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Executive Leadership: Balancing Weird With Workable
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Executive Leadership: Balancing Weird With Workable - Executive Leadership Articles

Executive Leadership: Balancing Weird With Workable

Executive Leadership Articles

Executive Leadership: Balancing Weird With Workable

It’s been pretty clear for the past fifteen years that in certain fields, weird is wonderful. Whether it’s the iconic public quietude of Steve Jobs or the give-yourself-a-job-title mandate at high-profile tech startups, weird is the new black. If it’s old-style leadership, it’s stilted and stifling.

There’s something to be said for celebrating weirdness. Weirdness is the opposite of sameness, and sameness never got anyone ahead of anything. Yet new is better until it proves to be worse, and this is when the I-told-you-so choruses burst forth from choirs of the stoic. As much as we’d like to say we value weirdness, and as much as we like to think comfort leads to complacency, when put to the test, weirdness is often met—behind its back, most of the time—with suspicion and trepidation.

Nobody wants a brain surgeon with wacky new ideas about removing something that shouldn’t be there. And with people’s livelihoods on the line, the further down the org chart they are, the less confident they often feel when the people at the top show up to work in Coachella t-shirts and bare feet. It might not be brain surgery, but the stakes can feel pretty close.

The weird executive can be intimidating in a whole slew of ways the old dictatorial boss never was. At least with that guy, you knew what to expect. Show up on time, do your job, don’t stick your neck out, and you’ll be fine. The new leadership usually resists predictability, and many of your rank-and-file aren’t equipped to deal with unpredictability. Additionally, no matter how beloved you may be, there will always be whispers behind cubicle walls questioning whether you’re brilliant or off your rocker.

In a blog post that went viral a couple of years ago, writer Suzi McAlpine asserted that “dissonance and discord may be less pleasant to experience and more difficult to manage than harmony and consonance, but they are far more likely to provide fertile ground for breakthroughs.” Few people today would argue against this, but what is the experience like for the accountant or researcher when the source of dissonance and discord is the person whose name is on the building?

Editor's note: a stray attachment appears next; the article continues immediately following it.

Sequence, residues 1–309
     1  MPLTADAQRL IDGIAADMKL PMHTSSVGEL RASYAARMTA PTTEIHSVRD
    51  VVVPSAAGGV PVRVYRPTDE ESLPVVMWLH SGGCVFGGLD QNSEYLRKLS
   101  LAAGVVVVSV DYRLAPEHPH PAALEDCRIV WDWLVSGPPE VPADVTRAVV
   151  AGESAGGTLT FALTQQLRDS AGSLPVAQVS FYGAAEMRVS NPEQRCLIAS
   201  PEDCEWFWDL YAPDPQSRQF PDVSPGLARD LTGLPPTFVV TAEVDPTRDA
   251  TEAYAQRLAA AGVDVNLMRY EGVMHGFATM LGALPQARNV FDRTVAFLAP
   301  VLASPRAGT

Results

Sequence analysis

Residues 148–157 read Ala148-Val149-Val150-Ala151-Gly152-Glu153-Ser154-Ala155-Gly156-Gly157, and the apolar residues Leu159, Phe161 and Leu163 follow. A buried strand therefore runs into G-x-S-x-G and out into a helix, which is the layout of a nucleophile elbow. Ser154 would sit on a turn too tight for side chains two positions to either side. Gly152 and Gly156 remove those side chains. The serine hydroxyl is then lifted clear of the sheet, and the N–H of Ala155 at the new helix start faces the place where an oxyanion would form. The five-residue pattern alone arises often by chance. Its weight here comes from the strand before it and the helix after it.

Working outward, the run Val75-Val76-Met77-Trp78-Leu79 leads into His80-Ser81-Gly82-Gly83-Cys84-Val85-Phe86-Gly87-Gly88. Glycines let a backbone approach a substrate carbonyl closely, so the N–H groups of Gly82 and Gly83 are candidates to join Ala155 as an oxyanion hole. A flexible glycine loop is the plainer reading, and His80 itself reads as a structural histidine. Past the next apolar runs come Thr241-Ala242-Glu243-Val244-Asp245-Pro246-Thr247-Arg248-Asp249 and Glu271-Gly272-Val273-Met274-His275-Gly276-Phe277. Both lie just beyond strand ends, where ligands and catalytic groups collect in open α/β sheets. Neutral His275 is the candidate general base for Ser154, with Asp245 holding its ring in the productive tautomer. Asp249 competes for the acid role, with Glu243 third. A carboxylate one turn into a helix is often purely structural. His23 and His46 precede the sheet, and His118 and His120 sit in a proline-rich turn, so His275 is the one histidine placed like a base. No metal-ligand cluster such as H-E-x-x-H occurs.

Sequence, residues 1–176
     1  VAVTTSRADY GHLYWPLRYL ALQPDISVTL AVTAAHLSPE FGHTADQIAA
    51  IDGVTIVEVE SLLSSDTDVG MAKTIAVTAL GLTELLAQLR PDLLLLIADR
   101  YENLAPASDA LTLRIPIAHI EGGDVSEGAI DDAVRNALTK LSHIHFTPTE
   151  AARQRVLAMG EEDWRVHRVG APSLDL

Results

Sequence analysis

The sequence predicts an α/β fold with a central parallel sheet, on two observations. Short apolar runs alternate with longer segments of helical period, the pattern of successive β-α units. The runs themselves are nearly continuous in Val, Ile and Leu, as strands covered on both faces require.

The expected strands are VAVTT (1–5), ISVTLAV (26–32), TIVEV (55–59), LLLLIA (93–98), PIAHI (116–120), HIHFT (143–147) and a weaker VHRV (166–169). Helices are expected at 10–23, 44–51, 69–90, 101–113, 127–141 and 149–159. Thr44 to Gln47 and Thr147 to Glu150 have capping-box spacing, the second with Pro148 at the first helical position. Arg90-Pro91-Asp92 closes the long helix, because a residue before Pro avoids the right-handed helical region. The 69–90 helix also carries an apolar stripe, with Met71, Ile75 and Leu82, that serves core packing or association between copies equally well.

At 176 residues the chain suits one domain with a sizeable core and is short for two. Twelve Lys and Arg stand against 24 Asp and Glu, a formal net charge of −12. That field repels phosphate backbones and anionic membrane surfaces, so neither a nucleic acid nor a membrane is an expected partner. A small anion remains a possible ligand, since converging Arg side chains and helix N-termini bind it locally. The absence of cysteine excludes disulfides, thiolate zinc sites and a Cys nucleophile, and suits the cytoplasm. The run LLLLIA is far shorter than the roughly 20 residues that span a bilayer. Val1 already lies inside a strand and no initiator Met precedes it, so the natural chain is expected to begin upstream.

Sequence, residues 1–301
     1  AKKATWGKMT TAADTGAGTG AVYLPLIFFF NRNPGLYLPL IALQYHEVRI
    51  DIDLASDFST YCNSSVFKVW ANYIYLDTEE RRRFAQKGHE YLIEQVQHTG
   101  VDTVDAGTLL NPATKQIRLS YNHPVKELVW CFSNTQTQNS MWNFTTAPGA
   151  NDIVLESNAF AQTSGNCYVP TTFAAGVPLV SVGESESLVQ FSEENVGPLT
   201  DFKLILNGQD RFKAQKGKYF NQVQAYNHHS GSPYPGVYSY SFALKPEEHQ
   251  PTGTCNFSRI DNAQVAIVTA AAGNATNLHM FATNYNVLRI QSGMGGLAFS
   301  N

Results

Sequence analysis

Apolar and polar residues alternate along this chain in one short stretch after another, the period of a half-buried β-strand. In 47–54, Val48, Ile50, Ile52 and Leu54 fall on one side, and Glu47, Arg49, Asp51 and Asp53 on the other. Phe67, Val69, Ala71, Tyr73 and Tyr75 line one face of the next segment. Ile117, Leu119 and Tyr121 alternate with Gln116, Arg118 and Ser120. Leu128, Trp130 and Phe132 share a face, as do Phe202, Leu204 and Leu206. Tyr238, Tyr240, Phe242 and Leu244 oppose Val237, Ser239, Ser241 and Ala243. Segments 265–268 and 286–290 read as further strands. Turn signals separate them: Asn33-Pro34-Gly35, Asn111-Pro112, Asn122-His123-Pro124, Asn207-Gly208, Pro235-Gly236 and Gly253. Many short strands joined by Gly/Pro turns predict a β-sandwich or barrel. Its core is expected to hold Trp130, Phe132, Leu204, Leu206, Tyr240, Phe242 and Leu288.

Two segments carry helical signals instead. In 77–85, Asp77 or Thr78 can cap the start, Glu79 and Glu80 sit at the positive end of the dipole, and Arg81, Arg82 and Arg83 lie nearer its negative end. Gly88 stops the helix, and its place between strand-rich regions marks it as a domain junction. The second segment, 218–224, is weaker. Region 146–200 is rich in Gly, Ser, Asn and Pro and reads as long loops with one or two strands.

There are a few approaches for managing potential unease. One is simply to hire people who can handle it, and to let those who feel uncomfortable find new opportunities elsewhere. While this is effective, it also means losing good people, and it works against another value of healthy workspaces: diversity. If everyone in the office is an appreciator of against-convention behavior, you’re missing the benefits more traditional thinkers can bring. If you have good people, it’s far better to learn to work with them as they learn to work with you. Cutting them loose is a step toward homogeneity, the least weird thing in the world.

Another option is to get a Number Two who projects stability, someone who understands and values your weirdness while sympathizing with the people who have to work beneath it. It’s a tough role, to be the steadying influence on a fun-but-choppy sea, and not just anyone can do it. You need someone who can interpret your intentions when it never occurs to you that someone might need to. You need someone whom you trust to override your directives when one of your weird ideas makes someone’s job impossible, a person who knows how to act on what you mean and not necessarily what you say, because super-creative people like you are often oblivious to potential collateral damage—worrying about consequences is not a creative person’s strength. And you need someone sure enough in him- or herself to tell you when you’re going too far.

Perhaps on a less practical level, the value of demonstrating a large amount of self-awareness cannot be overstated. Knowing your strengths and weaknesses, being aware of how your weirdness is experienced by others, and exposing your vulnerabilities as you deal with your challenges shows everyone that you’re as much a work-in-progress as they are, that you’re all in this together, and that you have as much to learn from the guy in the cubicle near the bathroom as he has to learn from the woman in the corner office on the top floor.

Weird is wonderful, but for many in your organization, weird is also worrisome. Take control of both ends of the reception line, and foster an environment that responds positively to its weird leadership.

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Executive Leadership: Balancing Weird With Workable - Executive Leadership Articles

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